CHILI-TOMATO NOT TOO HOT SAUCE
Makes about 2 cups
6 guajillo or ancho chilies
¼ cup neutral oil
2 large onions, chopped
4 garlic cloves, smashed
2 cups canned tomatoes
1 tablespoon honey
Salt and ground black pepper
¼ cup distilled white or apple cider vinegar
1. Boil 3 cups of water. Put chilies in a large skillet over medium heat and toast, turning once, until fragrant, two to three 3 minutes on each side. Transfer chilies to a bowl, pour boiling water over them and soak until soft and pliable, 15 to 30 minutes. Remove stems and as many seeds as you like (the fewer you remove, the hotter the sauce will be). Roughly chop them, and reserve soaking liquid.
2. Put oil in the skillet over medium-high heat. When hot, add chilies, onions and garlic. Cook, stirring occasionally, until onions soften, about five minutes. Add tomatoes, honey, salt and pepper.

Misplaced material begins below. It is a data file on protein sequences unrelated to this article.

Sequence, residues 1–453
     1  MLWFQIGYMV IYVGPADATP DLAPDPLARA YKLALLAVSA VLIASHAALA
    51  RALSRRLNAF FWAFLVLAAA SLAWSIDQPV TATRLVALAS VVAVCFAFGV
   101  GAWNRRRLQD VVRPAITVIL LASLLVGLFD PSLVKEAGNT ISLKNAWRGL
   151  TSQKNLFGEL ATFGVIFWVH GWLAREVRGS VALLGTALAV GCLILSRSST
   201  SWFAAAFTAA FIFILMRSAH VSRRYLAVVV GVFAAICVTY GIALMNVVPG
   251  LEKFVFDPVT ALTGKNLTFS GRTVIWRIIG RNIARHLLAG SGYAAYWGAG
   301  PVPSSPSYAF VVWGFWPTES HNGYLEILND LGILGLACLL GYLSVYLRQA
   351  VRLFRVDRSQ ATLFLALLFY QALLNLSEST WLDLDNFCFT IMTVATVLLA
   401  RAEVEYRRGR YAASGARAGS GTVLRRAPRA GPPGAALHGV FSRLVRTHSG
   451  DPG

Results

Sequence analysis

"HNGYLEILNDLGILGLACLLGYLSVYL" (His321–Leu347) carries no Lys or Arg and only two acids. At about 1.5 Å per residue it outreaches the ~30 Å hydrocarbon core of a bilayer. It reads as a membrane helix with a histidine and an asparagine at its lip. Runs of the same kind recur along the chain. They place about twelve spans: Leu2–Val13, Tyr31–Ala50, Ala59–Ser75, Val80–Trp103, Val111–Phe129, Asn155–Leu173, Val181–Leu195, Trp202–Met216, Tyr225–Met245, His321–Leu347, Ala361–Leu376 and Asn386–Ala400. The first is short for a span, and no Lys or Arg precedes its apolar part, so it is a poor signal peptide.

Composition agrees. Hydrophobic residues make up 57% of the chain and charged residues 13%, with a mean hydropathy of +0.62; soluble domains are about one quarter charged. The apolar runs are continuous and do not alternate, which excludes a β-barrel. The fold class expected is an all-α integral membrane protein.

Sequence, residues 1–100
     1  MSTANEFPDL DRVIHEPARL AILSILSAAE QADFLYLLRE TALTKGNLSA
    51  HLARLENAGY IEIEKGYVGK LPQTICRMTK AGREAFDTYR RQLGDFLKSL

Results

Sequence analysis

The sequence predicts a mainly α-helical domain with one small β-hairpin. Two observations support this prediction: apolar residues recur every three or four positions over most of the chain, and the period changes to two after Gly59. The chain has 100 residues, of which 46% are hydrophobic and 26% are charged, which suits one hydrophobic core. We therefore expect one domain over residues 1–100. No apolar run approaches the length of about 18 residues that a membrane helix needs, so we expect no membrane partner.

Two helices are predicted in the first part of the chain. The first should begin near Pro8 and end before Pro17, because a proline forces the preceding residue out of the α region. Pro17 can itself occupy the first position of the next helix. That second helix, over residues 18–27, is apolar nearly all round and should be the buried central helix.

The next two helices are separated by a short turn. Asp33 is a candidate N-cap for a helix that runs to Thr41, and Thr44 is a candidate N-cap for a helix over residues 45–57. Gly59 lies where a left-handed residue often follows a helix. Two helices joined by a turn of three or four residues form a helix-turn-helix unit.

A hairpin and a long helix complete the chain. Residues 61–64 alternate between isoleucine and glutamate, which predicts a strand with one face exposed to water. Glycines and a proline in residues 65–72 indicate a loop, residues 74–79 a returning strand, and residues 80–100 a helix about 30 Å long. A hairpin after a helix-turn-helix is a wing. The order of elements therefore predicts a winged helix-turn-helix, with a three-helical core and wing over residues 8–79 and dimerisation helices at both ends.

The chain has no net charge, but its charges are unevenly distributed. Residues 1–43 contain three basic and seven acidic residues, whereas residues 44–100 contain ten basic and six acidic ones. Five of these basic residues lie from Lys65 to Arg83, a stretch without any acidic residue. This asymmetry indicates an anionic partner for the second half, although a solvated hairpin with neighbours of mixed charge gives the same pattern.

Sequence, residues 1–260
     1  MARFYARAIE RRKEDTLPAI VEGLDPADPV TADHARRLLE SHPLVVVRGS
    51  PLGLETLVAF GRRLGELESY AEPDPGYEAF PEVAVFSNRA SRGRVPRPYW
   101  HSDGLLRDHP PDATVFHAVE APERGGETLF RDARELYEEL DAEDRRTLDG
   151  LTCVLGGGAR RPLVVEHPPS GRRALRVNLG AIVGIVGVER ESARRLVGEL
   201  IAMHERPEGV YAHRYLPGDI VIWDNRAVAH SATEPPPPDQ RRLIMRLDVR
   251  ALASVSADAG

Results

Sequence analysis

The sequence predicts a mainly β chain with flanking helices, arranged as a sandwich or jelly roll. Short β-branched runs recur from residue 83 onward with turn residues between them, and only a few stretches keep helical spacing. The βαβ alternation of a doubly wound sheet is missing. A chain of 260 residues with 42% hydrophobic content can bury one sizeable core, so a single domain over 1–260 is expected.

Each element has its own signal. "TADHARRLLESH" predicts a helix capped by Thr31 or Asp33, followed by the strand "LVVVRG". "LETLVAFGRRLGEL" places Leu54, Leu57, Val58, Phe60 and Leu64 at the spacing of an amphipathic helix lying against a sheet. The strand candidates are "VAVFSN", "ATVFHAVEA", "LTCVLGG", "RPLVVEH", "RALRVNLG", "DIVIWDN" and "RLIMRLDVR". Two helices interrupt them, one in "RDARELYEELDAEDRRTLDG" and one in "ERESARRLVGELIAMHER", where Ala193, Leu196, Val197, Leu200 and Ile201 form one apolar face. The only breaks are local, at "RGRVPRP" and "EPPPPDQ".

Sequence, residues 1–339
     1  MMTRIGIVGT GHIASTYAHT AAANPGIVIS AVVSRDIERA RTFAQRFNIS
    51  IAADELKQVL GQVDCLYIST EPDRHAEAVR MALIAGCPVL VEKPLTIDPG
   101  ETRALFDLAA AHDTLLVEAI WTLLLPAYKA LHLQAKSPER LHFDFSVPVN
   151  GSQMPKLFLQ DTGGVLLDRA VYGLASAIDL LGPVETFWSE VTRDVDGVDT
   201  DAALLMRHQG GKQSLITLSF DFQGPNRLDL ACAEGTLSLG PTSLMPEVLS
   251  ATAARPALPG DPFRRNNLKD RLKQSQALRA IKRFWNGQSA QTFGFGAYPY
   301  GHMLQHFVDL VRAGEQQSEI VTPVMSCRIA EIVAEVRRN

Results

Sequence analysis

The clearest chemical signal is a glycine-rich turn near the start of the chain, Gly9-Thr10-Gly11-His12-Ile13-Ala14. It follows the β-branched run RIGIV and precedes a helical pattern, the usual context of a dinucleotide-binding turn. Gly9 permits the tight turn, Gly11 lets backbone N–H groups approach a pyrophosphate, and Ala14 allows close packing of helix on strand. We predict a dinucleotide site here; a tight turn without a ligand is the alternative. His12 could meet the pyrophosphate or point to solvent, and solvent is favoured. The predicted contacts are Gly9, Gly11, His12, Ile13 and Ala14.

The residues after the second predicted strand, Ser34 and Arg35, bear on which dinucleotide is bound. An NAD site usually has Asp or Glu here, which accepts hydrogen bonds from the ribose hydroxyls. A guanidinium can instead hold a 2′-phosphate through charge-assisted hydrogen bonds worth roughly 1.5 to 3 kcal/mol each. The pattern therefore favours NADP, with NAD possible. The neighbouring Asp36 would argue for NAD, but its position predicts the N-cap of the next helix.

3. Adjust heat so the mixture bubbles gently. Cook, stirring occasionally, until the mixture is very thick, 10 to 20 minutes. Let it cool for a few minutes, then transfer to a blender with the vinegar. Purée until completely smooth, adding more vinegar or a splash of water if you want it thinner. Pour into a glass bottle or jar, cool completely and refrigerate up to a week.